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Why is the trinity so important?


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4 minutes ago, MiserereNobis said:

This is correct, though I'm not sure why you say it would be to the chagrin of the Catholics here..? This has been discussed before and I have posted a link to one diocese's list of churches that perform valid baptism. I've also posted a link to the official Vatican answer why LDS baptism is not valid. Validity requires proper matter, form, and intent. For baptism, matter is water. Form is the invocation of the Trinity during the baptism. The Catholic Church finds the LDS disbelief in the Trinity problematic enough to invalidate LDS baptisms. Also problematic is the intent of the person performing the LDS baptism, as that intent will be quite different from what the Catholic Church would intend.

Here is the link to the official document about LDS baptism: https://www.vatican.va/roman_curia/congregations/cfaith/documents/rc_con_cfaith_doc_20010605_battesimo_mormoni-ladaria_en.html

 

Well said! You say it much better than I did. I made the chagrin comment because in general I believe the resident Catholics here not to be too pleased with the post-Vatican II church as it has morphed. It wasn't a negative comment, just a reflection of what I think I read in posts.

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2 minutes ago, MiserereNobis said:

@Eph2,8

You've mentioned truth a couple of times. I don't know how much you were lurking before you started posting, but I'm telling ya you better brush up on your Richard Rorty because I see mfbukowski is recently browsing this thread... ;) 

Hahahahahah I've talked with him once before! On this specific thread the truth I was referring to was historical fact. I think (I'm really not sure) that mfbukowski is interested in a different kind of truth. 

Nice to meet you!

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10 minutes ago, Chum said:

This sounds juicy. Wadda you got in the Reject This Today And You'll Be Tortured Forever dept?

I got the rejection of the atonement. And in the tortured forever dept., having to be on this forum at least six hours a day for eternity! Eee gads! Give me the lake of fire!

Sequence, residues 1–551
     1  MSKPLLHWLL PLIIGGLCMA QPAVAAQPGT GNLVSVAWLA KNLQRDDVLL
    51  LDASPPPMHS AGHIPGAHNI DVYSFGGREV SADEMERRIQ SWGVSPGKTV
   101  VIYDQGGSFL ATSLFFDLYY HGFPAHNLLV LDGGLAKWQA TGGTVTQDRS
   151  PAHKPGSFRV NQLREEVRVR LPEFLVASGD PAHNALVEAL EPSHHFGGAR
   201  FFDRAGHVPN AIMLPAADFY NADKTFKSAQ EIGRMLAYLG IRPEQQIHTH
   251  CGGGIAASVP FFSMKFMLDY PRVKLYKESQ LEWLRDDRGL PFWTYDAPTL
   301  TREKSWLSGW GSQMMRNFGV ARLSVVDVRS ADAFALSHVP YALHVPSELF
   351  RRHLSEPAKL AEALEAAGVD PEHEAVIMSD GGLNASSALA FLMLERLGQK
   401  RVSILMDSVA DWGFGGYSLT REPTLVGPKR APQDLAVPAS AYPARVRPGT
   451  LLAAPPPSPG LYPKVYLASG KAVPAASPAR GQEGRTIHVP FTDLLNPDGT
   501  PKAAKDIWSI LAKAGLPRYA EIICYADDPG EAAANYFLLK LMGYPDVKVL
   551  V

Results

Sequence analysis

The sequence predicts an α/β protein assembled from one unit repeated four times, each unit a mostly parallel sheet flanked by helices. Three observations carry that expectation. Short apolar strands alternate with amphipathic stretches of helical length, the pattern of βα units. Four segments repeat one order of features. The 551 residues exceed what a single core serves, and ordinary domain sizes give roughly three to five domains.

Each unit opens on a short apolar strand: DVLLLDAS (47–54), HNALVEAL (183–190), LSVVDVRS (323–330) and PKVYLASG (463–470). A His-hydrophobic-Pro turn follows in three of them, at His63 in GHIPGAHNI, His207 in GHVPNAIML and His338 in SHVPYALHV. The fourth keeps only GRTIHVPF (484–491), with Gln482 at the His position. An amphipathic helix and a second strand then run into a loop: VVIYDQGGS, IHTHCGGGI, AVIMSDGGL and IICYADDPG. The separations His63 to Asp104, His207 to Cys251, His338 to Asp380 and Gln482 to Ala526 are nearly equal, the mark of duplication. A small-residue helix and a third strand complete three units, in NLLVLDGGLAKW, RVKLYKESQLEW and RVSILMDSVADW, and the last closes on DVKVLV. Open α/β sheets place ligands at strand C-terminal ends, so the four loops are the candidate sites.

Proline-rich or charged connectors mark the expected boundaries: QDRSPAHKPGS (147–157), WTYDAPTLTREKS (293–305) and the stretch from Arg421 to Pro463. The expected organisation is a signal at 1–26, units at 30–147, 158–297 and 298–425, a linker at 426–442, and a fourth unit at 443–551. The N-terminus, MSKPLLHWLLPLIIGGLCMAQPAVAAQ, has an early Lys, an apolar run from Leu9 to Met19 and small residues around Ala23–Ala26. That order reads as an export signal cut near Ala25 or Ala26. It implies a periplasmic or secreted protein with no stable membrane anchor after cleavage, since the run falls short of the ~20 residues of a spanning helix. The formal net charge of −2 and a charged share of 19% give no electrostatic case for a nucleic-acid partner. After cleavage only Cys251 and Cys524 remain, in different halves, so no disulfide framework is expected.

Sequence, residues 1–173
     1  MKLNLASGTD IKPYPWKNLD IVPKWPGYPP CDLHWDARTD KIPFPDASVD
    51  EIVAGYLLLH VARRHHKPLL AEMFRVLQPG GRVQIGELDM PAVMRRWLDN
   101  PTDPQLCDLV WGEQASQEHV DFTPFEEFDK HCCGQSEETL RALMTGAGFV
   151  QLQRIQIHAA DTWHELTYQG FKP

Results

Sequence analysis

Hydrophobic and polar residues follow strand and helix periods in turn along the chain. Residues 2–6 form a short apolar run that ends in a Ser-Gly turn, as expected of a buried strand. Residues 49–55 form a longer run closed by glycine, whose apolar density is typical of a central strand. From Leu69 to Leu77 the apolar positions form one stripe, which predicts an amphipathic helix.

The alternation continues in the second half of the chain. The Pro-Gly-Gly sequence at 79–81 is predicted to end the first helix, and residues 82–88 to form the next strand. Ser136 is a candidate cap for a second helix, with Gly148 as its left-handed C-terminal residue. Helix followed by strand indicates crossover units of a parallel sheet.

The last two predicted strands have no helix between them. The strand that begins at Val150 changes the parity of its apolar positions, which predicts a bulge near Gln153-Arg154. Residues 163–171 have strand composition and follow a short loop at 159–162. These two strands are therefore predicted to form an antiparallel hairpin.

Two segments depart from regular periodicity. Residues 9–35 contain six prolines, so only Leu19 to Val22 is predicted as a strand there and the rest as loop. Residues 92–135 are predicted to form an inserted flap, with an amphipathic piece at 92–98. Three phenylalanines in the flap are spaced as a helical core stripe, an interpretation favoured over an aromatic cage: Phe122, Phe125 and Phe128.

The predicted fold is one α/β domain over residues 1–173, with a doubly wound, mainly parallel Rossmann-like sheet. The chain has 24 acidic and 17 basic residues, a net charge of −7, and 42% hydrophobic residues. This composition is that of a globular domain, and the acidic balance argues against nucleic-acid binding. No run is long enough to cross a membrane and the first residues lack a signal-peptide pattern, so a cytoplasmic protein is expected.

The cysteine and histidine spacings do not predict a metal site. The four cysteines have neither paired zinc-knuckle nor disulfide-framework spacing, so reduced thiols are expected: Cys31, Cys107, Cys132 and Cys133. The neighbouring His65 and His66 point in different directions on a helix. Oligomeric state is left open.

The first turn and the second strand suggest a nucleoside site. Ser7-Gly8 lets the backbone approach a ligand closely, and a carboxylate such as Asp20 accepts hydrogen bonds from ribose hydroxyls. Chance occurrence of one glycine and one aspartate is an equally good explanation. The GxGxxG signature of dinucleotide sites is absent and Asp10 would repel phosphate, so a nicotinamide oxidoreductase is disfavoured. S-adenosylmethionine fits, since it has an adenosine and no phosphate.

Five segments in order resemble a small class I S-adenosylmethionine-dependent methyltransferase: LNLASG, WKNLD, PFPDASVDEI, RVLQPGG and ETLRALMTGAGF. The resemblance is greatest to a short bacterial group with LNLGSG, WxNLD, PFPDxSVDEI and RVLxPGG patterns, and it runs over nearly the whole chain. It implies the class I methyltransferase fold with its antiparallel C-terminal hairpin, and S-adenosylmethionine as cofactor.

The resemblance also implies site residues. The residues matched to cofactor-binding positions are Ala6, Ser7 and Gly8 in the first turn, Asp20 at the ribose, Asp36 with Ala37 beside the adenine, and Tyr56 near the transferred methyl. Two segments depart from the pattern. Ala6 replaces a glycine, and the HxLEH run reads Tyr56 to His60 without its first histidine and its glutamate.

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3 minutes ago, Navidad said:

I made the chagrin comment because in general I believe the resident Catholics here not to be too pleased with the post-Vatican II church as it has morphed.

You are right that the Catholics here are traditionalists of varying degree and find problems with the post-Vatican II church, but the acceptance of protestant baptism was not a post-Vatican II thing, however the news (and progressive Catholics) want to sometimes spin it. There have been ecumenical councils since the early days of the Church that have dealt with the validity of sacraments performed by heretics. However, it is infallibly stated in the Council of Trent (which was convened to deal with protestant heresies) that protestant baptism is valid. Here is Canon 4:

Quote

If anyone says that the baptism which is given by heretics in the name of the Father, and of the Son, and of the Holy Spirit with the intention of doing what the Church does, is not true baptism, let him be anathema

The Council of Trent concluded in 1563, 400 years before Vatican II.

So no chagrin to us traditionalists :) 

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On 9/2/2021 at 7:48 PM, Fether said:

I was using the traditional Christian definition of it. Yes, many (if not most) believe you will burn for all eternity if you do not accept the concept of the trinity

Even in LDS theology, no one can be saved in even the lowest kingdom of heavenly glory until they come unto a Christ and acknowledge to God the Father that Jesus Christ is Savior and Lord.

109 But behold, and lo, we saw the glory and the inhabitants of the telestial world, that they were as innumerable as the stars in the firmament of heaven, or as the sand upon the seashore;